Fifteen Instacart employees who pack groceries at the Mariano's chain in a Chicago suburb voted Saturday on whether they would become the first of the food-delivery company's workers to unionize. Instacart, as you might imagine, had an opinion: The company sent in new managers to the location to distribute anti-union literature and lobby workers to vote against unionizing, according to a Vice report from early this week. The rise of the gig economy continues to be a wellspring of labor tensions.

3. Bankruptcy baggage

Forever 21 joined the retail bankruptcy parade when it filed for Chapter 11 protection last September. Now, the company is reportedly seeking approval for an auction that could save it from liquidation. Authentic Brands Group and Simon Property Group have emerged as two potential buyers. Bar Louie, a restaurant chain backed by Sun Capital Partners, filed for Chapter 11 protection itself this week, according to reports. And shortly thereafter, Helios and Matheson Analytics—the company behind MoviePass—filed for Chapter 7 bankruptcy ahead of an expected shutdown, proving once and for all that unlimited movie tickets for $9.99 a month is indeed too good to be true.

4. Old media, new media

Warren Buffett is getting out of the newspaper game: This week, his Berkshire Hathaway agreed to sell a portfolio of more than 30 daily newspapers to Lee Enterprises for $140 million, a major addition to Lee's existing news empire. On the digital side of things, casino operator Penn National Gaming agreed to buy a 36% stake in the highly polarizing Barstool Sports and its budding sports media empire, resulting in a profitable partial exit for The Chernin Group.

5. Valentine's preparations

Investors were busy this week backing startups that could be helpful in crafting a special day with that special someone. The Bouqs, a flower-delivery startup, announced $30 million in strategic funding to help expand its operations into Japan, reaching a valuation of $116.2 million, according to PitchBook. And when it's time for a nightcap, you can turn to Haus, a direct-to-consumer aperitif startup (what a phrase) that raised a reported $4.5 million in seed funding. The company's goal, according to TechCrunch, is to be a "Glossier for alcohol."
The Bouqs is raising millions to make the world a little more floral. (Jena Ardell/Moment/Getty Images)

6. Public pops

VC-backed oncology startup Black Diamond Therapeutics went public on Thursday with an offer price of $19. By the end of its first day of trading, that figure had skyrocketed to $39.48, giving the company a market cap of around $1.3 billion. On Friday, primary care startup One Medical saw its stock close up 58% on its first day of post-IPO trading, reaching a market cap of more than $2.7 billion. Mattress seller Casper will be dreaming of a similar reception for its own public debut next week.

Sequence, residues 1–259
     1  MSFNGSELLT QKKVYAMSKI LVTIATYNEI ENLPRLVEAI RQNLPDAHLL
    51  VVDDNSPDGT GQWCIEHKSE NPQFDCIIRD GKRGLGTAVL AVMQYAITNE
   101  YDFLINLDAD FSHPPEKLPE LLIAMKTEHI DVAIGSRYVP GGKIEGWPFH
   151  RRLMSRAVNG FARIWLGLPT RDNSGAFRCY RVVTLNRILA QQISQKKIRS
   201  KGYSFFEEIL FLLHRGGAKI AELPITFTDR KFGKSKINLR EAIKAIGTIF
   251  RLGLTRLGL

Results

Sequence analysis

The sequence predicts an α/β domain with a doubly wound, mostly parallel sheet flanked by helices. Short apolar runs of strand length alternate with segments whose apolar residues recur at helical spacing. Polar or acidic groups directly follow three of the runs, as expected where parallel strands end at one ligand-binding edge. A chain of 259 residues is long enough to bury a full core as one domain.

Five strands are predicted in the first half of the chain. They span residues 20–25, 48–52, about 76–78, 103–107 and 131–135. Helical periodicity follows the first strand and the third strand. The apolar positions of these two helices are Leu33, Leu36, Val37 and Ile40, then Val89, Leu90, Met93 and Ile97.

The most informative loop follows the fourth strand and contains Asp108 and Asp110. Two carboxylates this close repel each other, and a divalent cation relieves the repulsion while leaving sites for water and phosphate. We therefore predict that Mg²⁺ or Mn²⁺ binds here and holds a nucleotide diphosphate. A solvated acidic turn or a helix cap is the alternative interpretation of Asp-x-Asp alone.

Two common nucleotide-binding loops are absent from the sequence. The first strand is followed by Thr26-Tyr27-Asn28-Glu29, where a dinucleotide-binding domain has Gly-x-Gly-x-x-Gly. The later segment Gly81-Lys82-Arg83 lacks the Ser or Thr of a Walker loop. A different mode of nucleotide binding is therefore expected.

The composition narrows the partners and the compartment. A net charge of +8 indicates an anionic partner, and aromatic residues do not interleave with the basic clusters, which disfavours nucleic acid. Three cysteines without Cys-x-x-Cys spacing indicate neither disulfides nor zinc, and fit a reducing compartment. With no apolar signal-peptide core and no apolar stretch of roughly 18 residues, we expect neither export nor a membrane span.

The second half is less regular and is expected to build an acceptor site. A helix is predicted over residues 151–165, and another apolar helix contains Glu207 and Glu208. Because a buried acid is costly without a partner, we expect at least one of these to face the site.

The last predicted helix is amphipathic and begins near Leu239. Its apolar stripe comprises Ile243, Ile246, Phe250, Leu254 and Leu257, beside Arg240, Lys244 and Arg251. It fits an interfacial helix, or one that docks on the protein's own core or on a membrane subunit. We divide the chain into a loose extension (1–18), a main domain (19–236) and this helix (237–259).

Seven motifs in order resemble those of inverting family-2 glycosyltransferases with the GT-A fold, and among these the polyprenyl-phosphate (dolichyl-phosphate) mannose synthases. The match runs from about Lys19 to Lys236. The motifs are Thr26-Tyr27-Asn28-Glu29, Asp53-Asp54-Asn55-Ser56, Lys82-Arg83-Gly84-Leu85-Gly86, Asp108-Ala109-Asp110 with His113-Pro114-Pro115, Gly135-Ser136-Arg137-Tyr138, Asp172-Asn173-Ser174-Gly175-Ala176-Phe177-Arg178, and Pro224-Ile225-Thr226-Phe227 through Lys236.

7. Public drops

Apollo Global Management reported its Q4 2019 earnings on Thursday, with net income jumping more than $300 million on a year-over-year basis. But that wasn't enough to keep the firm's stock price from falling nearly 9%. Shares of Blackstone also slumped after the company's earnings report. But fellow publicly traded firm KKR was able to buck the trend, reporting strong income and plans for future Russell index inclusion that helped its stock rise around 5%.

8. Nine-figure fundings

SoftBank dipped into its second Vision Fund this week for a new unicorn funding, according to Reuters, supplying most of a $250 million round for drug delivery startup Alto Pharmacy at a valuation of more than $1 billion. Insurance startup Policygenius also pulled in major backing this week in the form of a $100 million round led by KKR, while Moda Operandi, which runs a platform for discovering and buying new clothes and other apparel, raised a $100 million funding of its own.

9. In and out

If you want to make a few bucks by letting strangers into your home—or at least the shed in your backyard—you might be interested in Neighbor, the operator of a peer-to-peer storage platform that raised a $10 million round led by Andreessen Horowitz. But VCs pumped more money this week into the idea of keeping people out, as Verkada, which makes building security software, collected $80 million in funding at a $1.6 billion valuation.